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  • Writer's pictureAnn O'Brien

What Do Kids' Colored Belts Mean?

Updated: Apr 19

I love seeing the pride in kids when they earn a new belt. It is something we don’t typically see in this world of instant gratification. I can’t quite explain it, but the happiness they show in getting an ice cream cone or new pair of shoes doesn’t even compare.


Over weeks and months, kids work on the techniques they’ll be tested on. When they first learn a new skill, it’s very normal to fumble. Certain moves may feel impossible at this stage. I have learned to just let it be, because as long as we’re having fun, it changes quickly.


That said, rushing to get it right often slows progress. With patience and perseverance, there are typically “a-ha” moments, where things “click” that made no sense before. At this point, body-knowing starts to lead, and practice takes a leap.


I can sometimes sense jealousy or frustration in those working towards belts who aren’t there yet. And I get it; I’ve been there!


Moving through this is part of our Aikido training. We cannot “join with life force energy” when we are in the ego, in competition. Aikido is about allowing something bigger to lead our way.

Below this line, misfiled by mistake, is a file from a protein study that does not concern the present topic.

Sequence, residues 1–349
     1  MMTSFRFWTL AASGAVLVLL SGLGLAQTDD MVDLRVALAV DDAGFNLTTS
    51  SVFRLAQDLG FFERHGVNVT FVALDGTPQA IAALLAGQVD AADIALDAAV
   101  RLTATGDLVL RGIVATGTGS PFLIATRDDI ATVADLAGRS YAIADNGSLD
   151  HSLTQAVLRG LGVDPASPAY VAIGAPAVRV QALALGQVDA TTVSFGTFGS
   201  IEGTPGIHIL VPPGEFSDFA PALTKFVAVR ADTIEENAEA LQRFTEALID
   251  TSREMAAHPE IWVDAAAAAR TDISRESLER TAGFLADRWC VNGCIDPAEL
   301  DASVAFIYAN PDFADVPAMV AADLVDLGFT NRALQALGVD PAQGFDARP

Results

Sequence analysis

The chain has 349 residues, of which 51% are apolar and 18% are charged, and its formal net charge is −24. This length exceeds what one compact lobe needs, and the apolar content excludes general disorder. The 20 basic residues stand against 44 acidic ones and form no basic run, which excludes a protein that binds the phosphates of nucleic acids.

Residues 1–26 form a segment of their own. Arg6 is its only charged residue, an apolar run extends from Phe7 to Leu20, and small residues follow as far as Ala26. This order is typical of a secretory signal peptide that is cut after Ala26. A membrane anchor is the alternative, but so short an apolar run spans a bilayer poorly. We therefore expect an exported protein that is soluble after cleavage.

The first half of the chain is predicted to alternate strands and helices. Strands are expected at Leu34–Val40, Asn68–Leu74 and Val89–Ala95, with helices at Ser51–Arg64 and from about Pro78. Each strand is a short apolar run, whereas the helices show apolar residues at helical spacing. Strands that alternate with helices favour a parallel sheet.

And so, at least at my dojo, the belts aren’t just about skill. Yes, the skills need to be there. But to think that the color of your belt means you’re good or not good, or special or not special— misses the mark.


When new students begin training, they learn quickly to copy those with the highest colored belts. And so, promotions are given to those who demonstrate this responsibility and leadership. This is not about showing off or telling the newer students how to do Aikido— far from it. Following our dojo etiquette— showing personal dedication and honoring others— is as important as technique.


Kids’ first test (yellow belt) is given fairly quickly, after at least 20 days of training. It’s so validating for them to set a goal and achieve it, and also prepares them for more challenging tests ahead. Expectations get higher as students go up in the ranks, as does the time between tests. There is nothing to rush. Anyway, quick success doesn’t mean as much to them.


Aikido is passed on through energy transmission. There is a reciprocal exchange expected between newer and more senior students. Again, this requires un-learning the human tendency to compete and compare.


Hierarchy in Aikido is not about “better” or “worse;” there are just different gifts and needs implicit in each role. The senpai (more senior student) needs to be responsible, and gifts their support and sharing of what they’ve learned. The kohai (less experienced student) needs to be respectful, and gifts their receptivity and enthusiasm.


To this end, not only is a student’s promotion a gift to those less experienced; it is a “thank you” to those more experienced. The sensei or senpai’s Aikido becomes that much more meaningful when it is received. Each of us who practice has an important role; none are better or worse, and we all benefit from one another.


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